More generally, in an April 29, 1993, opinion issued when Leatherman was the Senate Ethics Committee chairman, the committee acknowledged that the ethics law dealing with using campaign funds for office-related expenses is “intentionally broad and that the determination whether a particular expense is permissible is by design left largely to the discretion of the member.”

In a Nerve story, longtime state government watchdog John Crangle said the law should be changed to ban spending campaign funds on anything except campaigns.

The Nerve has previously reported about Leatherman’s campaign-fund spending. He did not respond to a written request seeking comment for this story.

State Ethics Commission records show that other legislative leaders have spent campaign money so far this year on memberships or “sponsorships” with various public or private organizations, including, for example:

— Sen. Paul Campbell, R-Berkeley, chairman of the Senate Agriculture and Natural Resources Committee, who spent $302 on membership dues to the Greater Summerville/Dorchester County Chamber of Commerce;

— Sen. Luke Rankin, R-Horry, chairman of the Senate Judiciary Committee, who spent $1,000 on membership dues to the Myrtle Beach High School All-Sports Booster Club, which on its website lists him as a “gold” sponsor;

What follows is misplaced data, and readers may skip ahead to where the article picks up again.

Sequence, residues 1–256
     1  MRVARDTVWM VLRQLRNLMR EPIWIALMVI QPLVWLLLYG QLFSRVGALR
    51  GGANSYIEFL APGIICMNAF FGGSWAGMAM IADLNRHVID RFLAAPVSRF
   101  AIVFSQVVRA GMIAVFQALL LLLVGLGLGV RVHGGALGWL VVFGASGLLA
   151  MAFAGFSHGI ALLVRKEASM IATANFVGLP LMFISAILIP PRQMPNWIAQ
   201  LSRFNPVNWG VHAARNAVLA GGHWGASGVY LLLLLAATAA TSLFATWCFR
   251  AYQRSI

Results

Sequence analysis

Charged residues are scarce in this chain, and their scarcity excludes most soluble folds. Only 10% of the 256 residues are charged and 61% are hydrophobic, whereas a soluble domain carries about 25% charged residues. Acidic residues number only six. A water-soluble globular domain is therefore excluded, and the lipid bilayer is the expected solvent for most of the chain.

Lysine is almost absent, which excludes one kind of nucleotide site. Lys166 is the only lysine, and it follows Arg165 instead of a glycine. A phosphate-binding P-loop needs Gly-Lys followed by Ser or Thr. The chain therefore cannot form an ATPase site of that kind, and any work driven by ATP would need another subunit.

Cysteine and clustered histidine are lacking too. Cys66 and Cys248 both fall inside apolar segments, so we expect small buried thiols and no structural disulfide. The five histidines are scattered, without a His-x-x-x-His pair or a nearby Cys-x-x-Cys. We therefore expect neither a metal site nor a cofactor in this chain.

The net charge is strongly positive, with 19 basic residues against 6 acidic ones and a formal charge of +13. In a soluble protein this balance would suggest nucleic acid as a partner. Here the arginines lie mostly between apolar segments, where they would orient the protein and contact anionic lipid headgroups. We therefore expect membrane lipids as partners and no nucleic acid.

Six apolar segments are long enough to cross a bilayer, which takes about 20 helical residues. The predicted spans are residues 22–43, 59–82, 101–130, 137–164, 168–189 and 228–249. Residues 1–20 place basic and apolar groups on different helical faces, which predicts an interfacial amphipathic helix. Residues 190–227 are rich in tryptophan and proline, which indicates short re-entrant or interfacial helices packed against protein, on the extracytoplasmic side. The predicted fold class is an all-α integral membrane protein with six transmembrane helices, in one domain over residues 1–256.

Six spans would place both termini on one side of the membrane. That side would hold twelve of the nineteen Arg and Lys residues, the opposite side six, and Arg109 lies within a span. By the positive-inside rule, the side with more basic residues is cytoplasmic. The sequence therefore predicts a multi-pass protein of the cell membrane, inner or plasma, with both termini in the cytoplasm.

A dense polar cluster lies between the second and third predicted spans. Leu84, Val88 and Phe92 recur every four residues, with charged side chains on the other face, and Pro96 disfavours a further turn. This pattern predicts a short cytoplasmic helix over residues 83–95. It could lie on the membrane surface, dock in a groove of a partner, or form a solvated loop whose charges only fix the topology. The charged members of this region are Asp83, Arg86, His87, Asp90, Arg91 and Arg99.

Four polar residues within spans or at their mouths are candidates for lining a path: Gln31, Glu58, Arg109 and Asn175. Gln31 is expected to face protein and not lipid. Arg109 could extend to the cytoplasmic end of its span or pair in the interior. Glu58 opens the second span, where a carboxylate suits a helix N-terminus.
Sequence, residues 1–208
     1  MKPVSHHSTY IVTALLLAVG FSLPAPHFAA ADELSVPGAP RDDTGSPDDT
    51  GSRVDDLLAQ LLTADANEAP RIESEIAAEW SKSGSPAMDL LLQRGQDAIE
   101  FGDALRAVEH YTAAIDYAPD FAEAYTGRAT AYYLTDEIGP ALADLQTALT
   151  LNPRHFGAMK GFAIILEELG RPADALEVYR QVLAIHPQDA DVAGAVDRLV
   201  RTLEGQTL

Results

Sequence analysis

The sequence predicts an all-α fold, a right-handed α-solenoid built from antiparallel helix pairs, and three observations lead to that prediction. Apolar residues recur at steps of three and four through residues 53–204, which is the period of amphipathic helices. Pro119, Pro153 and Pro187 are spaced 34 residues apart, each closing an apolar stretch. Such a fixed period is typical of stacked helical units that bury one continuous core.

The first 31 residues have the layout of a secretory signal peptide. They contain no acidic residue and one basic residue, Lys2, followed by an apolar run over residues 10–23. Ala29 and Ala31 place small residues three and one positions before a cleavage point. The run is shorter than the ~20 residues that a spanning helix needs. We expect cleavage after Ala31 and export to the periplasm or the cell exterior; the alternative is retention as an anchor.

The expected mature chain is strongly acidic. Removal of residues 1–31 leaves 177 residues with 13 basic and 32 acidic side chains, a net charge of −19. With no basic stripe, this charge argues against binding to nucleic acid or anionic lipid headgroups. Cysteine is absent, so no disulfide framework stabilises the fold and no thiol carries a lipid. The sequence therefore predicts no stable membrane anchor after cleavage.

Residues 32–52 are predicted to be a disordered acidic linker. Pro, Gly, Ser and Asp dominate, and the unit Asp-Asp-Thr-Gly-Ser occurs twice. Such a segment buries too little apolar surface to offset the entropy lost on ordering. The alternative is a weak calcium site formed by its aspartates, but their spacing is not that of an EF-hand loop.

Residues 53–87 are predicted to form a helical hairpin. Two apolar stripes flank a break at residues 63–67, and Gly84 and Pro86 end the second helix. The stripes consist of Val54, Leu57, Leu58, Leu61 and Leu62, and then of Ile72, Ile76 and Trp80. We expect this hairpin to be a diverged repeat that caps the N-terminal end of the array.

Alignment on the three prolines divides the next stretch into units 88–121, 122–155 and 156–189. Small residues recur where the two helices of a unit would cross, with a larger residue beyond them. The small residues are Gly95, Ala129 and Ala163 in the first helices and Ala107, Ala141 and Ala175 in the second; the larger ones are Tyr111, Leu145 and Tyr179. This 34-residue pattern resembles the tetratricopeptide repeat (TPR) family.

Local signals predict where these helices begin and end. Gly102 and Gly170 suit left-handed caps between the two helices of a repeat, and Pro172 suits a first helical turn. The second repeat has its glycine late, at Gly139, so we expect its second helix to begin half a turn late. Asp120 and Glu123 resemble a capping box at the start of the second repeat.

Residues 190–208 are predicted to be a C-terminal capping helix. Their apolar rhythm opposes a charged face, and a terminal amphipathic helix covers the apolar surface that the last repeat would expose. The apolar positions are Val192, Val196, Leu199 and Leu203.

— Rep. Rita Allison, R-Spartanburg, chairwoman of the House Education and Public Works Committee, who spent a total of $1,500 for two sponsorships with the Middle Tyger Community Center, which on its website lists her as a board of trustees member as of 2018;

— Rep. Leon Howard, D-Richland, chairman of the House Medical, Military, Public and Municipal Affairs Committee, who spent $500 for a sponsorship with the Joseph H. Neal Health Collaborative, named after the late state House member; and

— Rep. Todd Rutherford, D-Richland, and the House minority leader, who spent a total of $4,240 on 22 sponsorships, including $300 to the Columbia branch of the NAACP, $250 to the Alzheimer’s Association, and $100 to the Columbia Youth Baseball League.

Citing the 1997 written opinion of the Senate Ethics Committee, chaired then by Leatherman, the House Ethics Committee in a Sept. 1, 2016, advisory opinion wrote that House members can contribute to charitable organizations with campaign funds so long as the lawmaker or an immediate family doesn’t “derive a personal and financial benefit.”

House members also can use campaign funds for membership dues to non-political organizations, the House committee wrote, noting it “adopts the reasoning provided” in the 1993 Senate Ethics Committee opinion.

“The Committee cautions that the Member must join the organization in his or her official capacity as a legislator,” according to the House opinion.

Given that latitude, it’s likely that lawmakers in both the House and Senate will continue their longstanding campaign-fund spending practices.

Brundrett is the news editor of The Nerve (thenerve.org). Contact him at 803-254-4411 or rick@thenerve.org. Follow him on Twitter @RickBrundrett. Follow The Nerve on Facebook and Twitter @thenervesc.

Author: Stephan Drew